Tech Learning Collective

Technology education for radical organizers and revolutionary communities.

  • August 11, 2020 3:30 PM (-0400) August 11, 2020 5:00 PM
  • Remote
  • Status: CONFIRMED

Tickets are no longer available for this event.

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Event description

Ever work on a project with other people? Of course you do. If you’ve been saving files with names like “Project-outline-1” and then saving another version of that file as “Project-outline-2” then you already understand the importance of a Version Control System (VCS). In this beginner’s workshop, you’ll see the popular Git version control system in action and learn how to improve your collaborative workflow whether you’re a software engineer, novelist, or art designer.

Workshop Description

As most of us know first-hand, the creative process involves many edits and revisions. Adding a little bit here, trimming a little bit there, but then hitting “undo” a bunch and experimenting with a new direction is quite normal! When your project is a single file, pressing “Save As…” many times might suffice, but what if your project spans dozens or even hundreds of files?

This is where version control systems (VCSs) shine. Designed to track, compare, and merge different versions of the same project, these tools give you the ability to make a snapshot of the state of your work at a given point in time so that you can “undo” or “redo” any number of times, across any number of files. Moreover, by naming different snapshots, you can create an infinite number of variations of your project and then build on those unique versions without affecting the others; it’s as though the new version is in its own alternate universe. This makes it possible to easily and safely experiment in one universe (called a branch) without throwing away or overwriting the original version of the project on which your changes were based.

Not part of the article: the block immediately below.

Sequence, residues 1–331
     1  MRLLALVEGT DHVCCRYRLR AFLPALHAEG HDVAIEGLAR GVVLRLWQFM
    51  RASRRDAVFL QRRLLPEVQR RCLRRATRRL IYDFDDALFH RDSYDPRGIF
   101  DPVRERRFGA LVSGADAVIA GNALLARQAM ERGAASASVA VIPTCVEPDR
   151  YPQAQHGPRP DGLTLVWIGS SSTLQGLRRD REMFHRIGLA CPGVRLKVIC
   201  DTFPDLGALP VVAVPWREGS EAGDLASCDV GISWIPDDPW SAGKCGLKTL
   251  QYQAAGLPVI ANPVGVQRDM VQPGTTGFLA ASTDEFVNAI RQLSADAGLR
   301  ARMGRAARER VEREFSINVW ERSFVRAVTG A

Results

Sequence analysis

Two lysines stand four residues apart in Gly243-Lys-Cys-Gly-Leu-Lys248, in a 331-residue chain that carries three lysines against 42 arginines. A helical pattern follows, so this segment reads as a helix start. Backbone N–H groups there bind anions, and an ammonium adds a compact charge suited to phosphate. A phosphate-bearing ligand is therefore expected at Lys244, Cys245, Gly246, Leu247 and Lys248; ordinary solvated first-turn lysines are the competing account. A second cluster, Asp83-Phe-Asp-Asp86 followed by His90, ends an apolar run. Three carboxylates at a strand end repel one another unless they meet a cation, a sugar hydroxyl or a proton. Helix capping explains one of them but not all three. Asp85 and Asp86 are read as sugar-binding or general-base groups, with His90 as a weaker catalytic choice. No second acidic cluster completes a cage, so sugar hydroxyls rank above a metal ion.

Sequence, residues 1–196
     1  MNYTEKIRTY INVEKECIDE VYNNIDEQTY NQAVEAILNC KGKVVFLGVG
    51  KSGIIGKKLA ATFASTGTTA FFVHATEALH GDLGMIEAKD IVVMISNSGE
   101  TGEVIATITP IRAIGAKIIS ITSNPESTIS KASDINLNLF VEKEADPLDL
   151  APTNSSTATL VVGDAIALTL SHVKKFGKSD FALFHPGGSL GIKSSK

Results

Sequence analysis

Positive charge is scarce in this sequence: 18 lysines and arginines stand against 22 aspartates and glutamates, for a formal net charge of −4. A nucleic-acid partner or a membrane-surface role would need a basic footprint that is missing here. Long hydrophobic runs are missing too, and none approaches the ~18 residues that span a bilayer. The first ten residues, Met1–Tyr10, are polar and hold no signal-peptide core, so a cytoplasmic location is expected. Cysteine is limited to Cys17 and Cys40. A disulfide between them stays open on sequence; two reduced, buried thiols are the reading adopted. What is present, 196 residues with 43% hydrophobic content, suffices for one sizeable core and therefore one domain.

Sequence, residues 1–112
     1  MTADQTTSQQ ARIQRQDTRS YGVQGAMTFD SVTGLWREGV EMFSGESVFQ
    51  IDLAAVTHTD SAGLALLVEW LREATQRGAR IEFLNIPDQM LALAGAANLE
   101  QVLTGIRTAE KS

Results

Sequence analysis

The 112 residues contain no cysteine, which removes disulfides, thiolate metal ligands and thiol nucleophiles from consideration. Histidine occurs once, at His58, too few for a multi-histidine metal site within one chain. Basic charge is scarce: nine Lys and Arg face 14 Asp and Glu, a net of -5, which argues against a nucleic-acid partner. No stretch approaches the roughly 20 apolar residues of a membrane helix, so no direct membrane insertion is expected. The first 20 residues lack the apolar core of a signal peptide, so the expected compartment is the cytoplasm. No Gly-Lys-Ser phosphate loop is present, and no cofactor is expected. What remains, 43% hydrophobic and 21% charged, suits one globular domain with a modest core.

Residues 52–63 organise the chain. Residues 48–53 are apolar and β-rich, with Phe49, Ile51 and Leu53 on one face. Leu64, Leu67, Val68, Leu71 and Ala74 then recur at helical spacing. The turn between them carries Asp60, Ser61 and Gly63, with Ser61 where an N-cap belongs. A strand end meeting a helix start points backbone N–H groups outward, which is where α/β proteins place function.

In this beginner’s workshop, you’ll learn the basics of Git, a free distributed version control system on which popular sites like GitHub are based. Git is lovingly called “the stupid content tracker” because it can track changes to everything and anything that can be digitized. Although it was originally invented for software programmers, Git is also useful for novelists, researchers, and anyone else whose work involves creativity in a digital medium.

As this is a remote/online-only event, there is no physical class space, but attendance is still limited to 15 students, so purchase your ticket now to reserve your spot.

To participate in our webinars, you will need access to a modern Web browser such as an up-to-date copy of Mozilla Firefox or Google Chrome. You will also need a reliable Internet connection. We recommend disabling Wi-Fi and plugging your computer in to a hard-wired Ethernet network cable for the duration of the webinar, if possible.

If you would like to share your video screen or appear on camera, you will need to have and activate your own camera, such as the one built-in to many modern laptops. Similarly, to speak with the rest of the webinar participants, you will need a microphone. If you do choose to activate your microphone, we ask that you please plug in headphones/ear buds or use a headset in order to help reduce audio feedback loops that can degrade the webinar experience for other participants.

Please refer to our workshops and webinars FAQ for additional tips and advice before you join the video conference.

As with all Tech Learning Collective events, racism, queerphobia, transphobia, sexism, “brogrammer,” “manarchist,” or any kind of similarly awful behavior will result in immediate removal from class without a refund. Please refer to our lightweight social rules for details on our strictly enforced no-tolerance policy against bigotry of any kind.

About Tech Learning Collective

Tech Learning Collective is an apprenticeship-based technology school that trains politically self-motivated individuals in the arts of hypermedia, Information Technology, and radical political practice. We offer unparalleled free, by-donation, and low-cost computer classes on topics ranging from fundamental computer literacy to the same offensive computer hacking techniques used by national intelligence agencies and military powers (cyber armies). For more information and to enroll, visit

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